It’s happening, folks: the infamous Victoria’s Secret Fashion Show is being resurrected from its grave to haunt us once again, though this time it claims to be a little more realistic in its representations of women. I’ll believe it when I see it.
Victoria’s Secret announced on Friday in its 2022 earnings call that it plans to revamp the iconic show which, until its demise four years ago, was known for its array of leggy, skinny, ethereal Angels and the unattainable beauty standards that came with them.
“We’re going to continue to lean into the marketing spend to invest in the business…and also to support the new version of our fashion show, which is to come later this year,” CFO Timothy Johnson said, per The Hollywood Reporter.
In a statement provided to the publication, a spokesperson also said the new show will “reinforce our commitment to championing women’s voices and their unique perspectives.” Interesting.
Of course, it’s unclear what this will actually entail, though judging from a promo video floating around Twitter it looks like we can expect a renewed attempt at size diversity and some Fenty-esque aesthetics, which I imagine is surprising to no one considering the rise of Fenty was undoubtedly a contributing factor to the show’s demise.
The Victoria’s Secret fashion show is coming back THIS year! pic.twitter.com/viL9k7am9r
— linda (@itgirlenergy) March 5, 2023
The Victoria’s Secret Fashion Show was put on hiatus in 2019 because of a myriad of factors, the main ones being its declining TV ratings, lack of diversity and the controversies surrounding CEO Les Wexner.
And there’s the issue of body positivity and harmful beauty standards.
Aussie model Bridget Malcolm is one of many VS models over the years who has condemned the company for promoting “sick” and “unhealthy” standards which require models to be exceptionally skinny.
Malcolm called her time on Victoria’s Secret runways in 2015 and 2016 “traumatic” and said by the time she was 25 in 2017, she had stopped menstruating, her hair was falling out, and she was so malnourished it took her “10 minutes to climb a flight of stairs”.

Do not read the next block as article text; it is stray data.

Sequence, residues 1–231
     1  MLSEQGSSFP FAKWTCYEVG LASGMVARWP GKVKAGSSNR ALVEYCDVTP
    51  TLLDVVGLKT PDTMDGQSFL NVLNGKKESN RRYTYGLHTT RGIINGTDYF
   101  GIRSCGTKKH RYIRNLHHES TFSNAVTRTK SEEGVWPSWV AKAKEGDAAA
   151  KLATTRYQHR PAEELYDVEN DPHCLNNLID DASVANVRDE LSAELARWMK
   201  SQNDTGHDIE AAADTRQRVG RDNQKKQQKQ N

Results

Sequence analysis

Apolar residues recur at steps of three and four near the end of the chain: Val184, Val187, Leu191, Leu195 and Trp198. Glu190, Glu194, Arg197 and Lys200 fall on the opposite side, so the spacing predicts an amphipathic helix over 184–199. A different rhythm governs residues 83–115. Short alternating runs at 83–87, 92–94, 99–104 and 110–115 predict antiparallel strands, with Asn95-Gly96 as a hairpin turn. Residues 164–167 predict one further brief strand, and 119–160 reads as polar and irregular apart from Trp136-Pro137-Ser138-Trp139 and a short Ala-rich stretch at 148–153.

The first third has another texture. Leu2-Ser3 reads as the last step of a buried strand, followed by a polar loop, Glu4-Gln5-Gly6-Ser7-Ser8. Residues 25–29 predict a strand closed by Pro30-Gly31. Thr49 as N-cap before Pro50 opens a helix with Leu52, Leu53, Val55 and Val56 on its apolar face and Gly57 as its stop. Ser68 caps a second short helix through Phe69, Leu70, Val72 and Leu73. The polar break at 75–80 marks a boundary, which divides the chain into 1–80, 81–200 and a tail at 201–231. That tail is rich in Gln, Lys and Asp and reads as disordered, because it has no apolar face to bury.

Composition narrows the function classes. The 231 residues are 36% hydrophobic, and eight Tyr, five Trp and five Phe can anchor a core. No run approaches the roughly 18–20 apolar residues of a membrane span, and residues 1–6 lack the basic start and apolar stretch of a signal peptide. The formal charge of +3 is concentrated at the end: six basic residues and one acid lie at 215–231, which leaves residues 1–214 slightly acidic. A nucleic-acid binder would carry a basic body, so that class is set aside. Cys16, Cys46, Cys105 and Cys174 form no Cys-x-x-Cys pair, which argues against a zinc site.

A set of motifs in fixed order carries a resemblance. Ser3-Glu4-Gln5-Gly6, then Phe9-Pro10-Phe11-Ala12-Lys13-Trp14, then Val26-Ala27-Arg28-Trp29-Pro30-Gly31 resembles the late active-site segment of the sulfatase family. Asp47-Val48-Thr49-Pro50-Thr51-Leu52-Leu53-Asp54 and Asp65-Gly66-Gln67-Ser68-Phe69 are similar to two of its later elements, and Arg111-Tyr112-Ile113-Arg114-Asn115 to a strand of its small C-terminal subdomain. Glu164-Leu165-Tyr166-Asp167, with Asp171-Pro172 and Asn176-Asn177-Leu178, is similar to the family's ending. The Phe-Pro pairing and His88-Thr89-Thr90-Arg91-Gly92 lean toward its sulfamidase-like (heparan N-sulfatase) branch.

“I had an eating disorder, I was relying on anti-anxiety medication, I was having panic attacks constantly, I was exhausted,” she told 60 Minutes.
“What that company represented for me and for so many other women was extremely exploitative at that time. To me it felt like controlling women.”
She said she was dumped from the brand when she gained half an inch on her hips as she was considered “too big”.
In 2018, former chief marketing officer of Victoria’s Secret parent company L Brands Edward Razek told Vogue he wasn’t interested in featuring a more diverse cast in the fashion show, saying: “It’s like, why doesn’t your show do this? Shouldn’t you have transsexuals in the show? No, I don’t think we should. Well, why not? Because this show is a fantasy. It’s a 42-minute entertainment special. That’s what it is.”
Ah yes, because trans people and women with mid to plus size bodies just don’t exist in anyone’s fantasies, right? That would be absurd! Only skinny cis women are attractive!
Given that the same year Fenty was making waves by holding catwalks that were both diverse and sexy, those comments didn’t go down very well.
Victoria’s Secret did try to relaunch in 2021 with a campaign featuring plus-size model Paloma Elsesser, LGBTQ+ activist Valentina Sampaio, and U.S. soccer star Megan Rapinoe, as well as a pregnant model to celebrate Mother’s Day, but at that point it became clear people were over it.
I mean, where was this energy in 2019? It felt like employing plus-sized models was the company’s last ditch attempt at relevancy after it had exhausted all other options, and we’re not about that performativity.
It also didn’t help that only a year before the relaunch, The New York Times interviewed more than 30 staff at Victoria’s Secret and accused Edward Razek of creating a “culture of misogyny, bullying and harassment” — which is not exactly in line with the image of divine feminine energy that the company is trying to give off.
Well, I guess we’ll see where the next relaunch goes. But I do have to wonder, how much room does a company like Victoria’s Secret — which frequently displays the exact opposite of the values it claims to have — get to find a redemption arc?
Why should the men who head these companies continue to profit from both the insecurities *and* the confidence of women whose bodies they have turned into profit?
Whether women are being pressured to lose weight by Victoria’s Secret or they’re encouraged to be proud of their bodies, you still have to consider that this messaging is concocted in a board room, told to a consumer group, and mined by a male CEO. So how genuine can it be?
I, for one, reckon we should just banish it back to the hellscape from whence it came. Lord knows we don’t need another brand to co-opt radical and feminist ideas of self-love and acceptance just to sell more products that will eventually end up in a landfill.
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